Chinese Bank Liquidity Crunch: Why And How

| About: iShares China (FXI)


Chinese interbank lending rates (SHIBOR) have been rising sharply over the past few days, coupled with declining government bond prices.

Source: 1-week SHIBOR(Shanghai Interbank Offered Rate), similar movements have been seen in other terms

A repeat of the bank liquidity crunch seen in June appears to be possible if not probable. The author believes this will have a large impact that will catch most market participants off their guard. This article will attempt to delve into the reasons of the crunch and anticipate its effects.

How a liquidity crunch is formed

The reserve requirement ratio has become a historical anachronism in the U.S. and the historical function played by bank reserves has been replaced and expanded by the notion of "bank capital" instead.

However, reserve requirement ratios are high and alive in developing countries like China.

Source: Chinese reserve requirement ratios

Since bank lending has been growing rapidly in China, this requires an ever-growing amount of reserves, which the central bank has usually supplied through open market operations (which somewhat validates the endogenous theory of money).

But what if the central bank refuses to supply reserves? This would normally be unthinkable as it would choke off credit and adversely impact economic growth. Yet that's what happened in June, creating a tremendous shock for the markets. This was amplified by rumors of an interbank default, which increased the demand for extra reserves from each bank (so they could avoid potential default and the stigma associated with such). The widespread association that we saw in June with "economic crisis", "bubble bursting" and "going to hell in a handbasket" does not explain the phenomenon very well. Essentially, the phenomenon boils down to a central bank unwilling to provide the amount of reserves the banking system needs.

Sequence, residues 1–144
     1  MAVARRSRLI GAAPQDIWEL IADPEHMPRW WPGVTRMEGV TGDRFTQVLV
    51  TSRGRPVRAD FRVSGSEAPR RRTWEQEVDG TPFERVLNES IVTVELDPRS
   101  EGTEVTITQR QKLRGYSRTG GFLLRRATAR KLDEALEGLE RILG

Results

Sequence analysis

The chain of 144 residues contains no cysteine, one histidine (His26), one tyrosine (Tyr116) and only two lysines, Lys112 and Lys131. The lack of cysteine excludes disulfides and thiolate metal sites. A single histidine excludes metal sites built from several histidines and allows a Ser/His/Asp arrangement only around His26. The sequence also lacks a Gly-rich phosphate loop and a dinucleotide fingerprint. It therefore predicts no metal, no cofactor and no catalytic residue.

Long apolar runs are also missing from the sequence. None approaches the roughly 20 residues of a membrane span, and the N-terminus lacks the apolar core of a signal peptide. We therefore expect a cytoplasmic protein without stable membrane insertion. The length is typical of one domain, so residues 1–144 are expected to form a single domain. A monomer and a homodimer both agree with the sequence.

Why the liquidity crunch formed

More important than how is why. Why would policymakers deliberately choke banks of reserves?

Normally they wouldn't, as economic and credit growth are highly sought after by policymakers all over the world these days. But it is becoming ever more evident that something needs to be done to reform China's financial system because anyone with some foresight can see the cliff is close ahead. The problem is, how do you shape market expectations in a way that gets people to go along with the reform program?

This is actually a very difficult issue. Issue a strongly-worded communique? People might debate the actual meaning and miss the point. Put limits on borrowing and/or order banks to slow down credit growth? While this might work, it'll take some time to filter through the economy and people will debate what the recent drop in bank lending was caused by or whether it was a random fluctuation. It also puts the onus of turbulence directly on the shoulders of policymakers. Moreover, if markets shrug off the actions and continue chugging along, policymakers lose credibility and prestige.